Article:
There's still a long way to go, but the Chinese capital has taken a symbolic step forward.
China's war on pollution is starting to make some headway. In the notoriously smoggy Chinese capital of Beijing, air pollution—measured by the concentration of PM2.5 particulate matter—fell by 13 percent during the first quarter of this year.
That's according to a new study by Greenpeace, which also found levels that of PM2.5 fell by 31 percent in the neighboring province of Hebei. In the central Chinese city of Xi'an, PM2.5 concentrations dropped by 48 percent. In contrast, provinces where stricter pollution controls haven't been enacted, such as Henan, Hubei, Hunan and Sichuan, were among the ten most polluted areas for the quarter.
Last year, Chinese premier Li Keqiang declared fcurbing pollution as one of the key necessities for upgrading the Chinese economy. Since then, China has pledged $277 billion toward cleaning up its air, and updated its environmental law to allow for stricter penalties on companies that violate state pollution regulations. Steel and cement production in Hebei, responsible for much of the smog in Beijing, has been reduced—although it has also caused the poor industrial province's economy to take a hit.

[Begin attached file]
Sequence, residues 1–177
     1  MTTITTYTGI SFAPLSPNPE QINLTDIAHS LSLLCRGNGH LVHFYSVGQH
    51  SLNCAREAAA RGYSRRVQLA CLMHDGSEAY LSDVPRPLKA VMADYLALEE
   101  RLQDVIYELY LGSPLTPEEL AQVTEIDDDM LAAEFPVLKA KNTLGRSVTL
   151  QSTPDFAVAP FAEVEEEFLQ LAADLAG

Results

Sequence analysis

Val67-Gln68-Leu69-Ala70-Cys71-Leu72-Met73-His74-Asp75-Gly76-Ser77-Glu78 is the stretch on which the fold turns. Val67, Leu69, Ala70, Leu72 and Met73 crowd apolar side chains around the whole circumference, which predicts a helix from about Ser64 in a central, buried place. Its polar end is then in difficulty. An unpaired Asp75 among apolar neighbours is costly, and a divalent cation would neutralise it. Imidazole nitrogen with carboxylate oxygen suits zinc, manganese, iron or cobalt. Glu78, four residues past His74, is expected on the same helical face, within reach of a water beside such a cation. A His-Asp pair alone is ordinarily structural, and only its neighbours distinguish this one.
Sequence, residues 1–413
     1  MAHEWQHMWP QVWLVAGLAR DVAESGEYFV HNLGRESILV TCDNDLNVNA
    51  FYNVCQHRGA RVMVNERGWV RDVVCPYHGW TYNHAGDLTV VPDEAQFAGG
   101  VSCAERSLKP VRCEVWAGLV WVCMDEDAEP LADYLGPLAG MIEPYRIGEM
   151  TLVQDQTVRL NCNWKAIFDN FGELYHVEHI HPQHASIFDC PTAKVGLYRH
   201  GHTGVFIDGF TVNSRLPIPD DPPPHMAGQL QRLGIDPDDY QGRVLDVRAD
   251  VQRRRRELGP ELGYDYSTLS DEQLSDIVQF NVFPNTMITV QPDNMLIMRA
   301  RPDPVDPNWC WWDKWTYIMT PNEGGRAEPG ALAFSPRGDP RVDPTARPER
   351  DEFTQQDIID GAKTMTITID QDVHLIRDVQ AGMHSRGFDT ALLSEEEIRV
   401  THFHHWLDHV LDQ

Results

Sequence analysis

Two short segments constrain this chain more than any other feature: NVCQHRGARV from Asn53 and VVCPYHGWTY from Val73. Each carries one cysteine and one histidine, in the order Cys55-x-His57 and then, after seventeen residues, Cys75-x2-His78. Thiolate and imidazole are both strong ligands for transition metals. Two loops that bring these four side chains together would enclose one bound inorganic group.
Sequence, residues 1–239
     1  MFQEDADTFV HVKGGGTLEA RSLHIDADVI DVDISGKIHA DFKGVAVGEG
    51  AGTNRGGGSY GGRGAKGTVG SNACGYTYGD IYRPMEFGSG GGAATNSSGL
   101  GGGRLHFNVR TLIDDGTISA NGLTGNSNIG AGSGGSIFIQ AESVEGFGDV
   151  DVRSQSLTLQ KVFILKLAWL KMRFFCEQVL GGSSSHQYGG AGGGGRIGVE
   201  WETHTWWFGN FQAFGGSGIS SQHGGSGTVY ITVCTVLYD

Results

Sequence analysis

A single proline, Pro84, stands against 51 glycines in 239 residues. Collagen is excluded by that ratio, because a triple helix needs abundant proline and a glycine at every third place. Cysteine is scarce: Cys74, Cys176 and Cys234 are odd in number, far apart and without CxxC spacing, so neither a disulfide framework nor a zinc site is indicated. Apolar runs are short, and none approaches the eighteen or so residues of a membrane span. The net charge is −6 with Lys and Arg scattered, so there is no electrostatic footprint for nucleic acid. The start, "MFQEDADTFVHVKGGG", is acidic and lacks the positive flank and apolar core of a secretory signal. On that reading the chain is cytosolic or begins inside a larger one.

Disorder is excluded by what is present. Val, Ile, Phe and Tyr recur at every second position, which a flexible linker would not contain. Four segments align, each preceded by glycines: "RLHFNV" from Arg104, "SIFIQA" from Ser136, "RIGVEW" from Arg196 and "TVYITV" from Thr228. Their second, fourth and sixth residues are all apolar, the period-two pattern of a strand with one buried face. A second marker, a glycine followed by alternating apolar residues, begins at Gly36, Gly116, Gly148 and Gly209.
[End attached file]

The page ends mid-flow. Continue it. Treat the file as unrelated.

The improvement detected by Greenpeace is only a small step forward. "This is the only silver lining in a situation where 90 percent of cities still record levels of pollution that far exceed China's own air quality standards," said Zhang Kai, Climate and Energy Campaigner at Greenpeace East Asia, in a statement. The average concentration of PM2.5 for 360 Chinese cities analyzed by Greenpeace was 66 micrograms per cubic meter, almost double the national limit.
There's still a long ways to go, but environmentalists are applauding the fact that Chinese cities are making an effort to be more transparent about pollution levels. Now, 367 Chinese cities are monitoring and disclosing levels of PM2.5 under a recent rule that has set limits on PM2.5 concentrations for the first time—a regulation that will be applied across China as of 2016. According to Greenpeace, "the quantity of city-level air quality data available to the Chinese public now is unprecedented."
This post originally appeared on Quartz, an Atlantic partner site.
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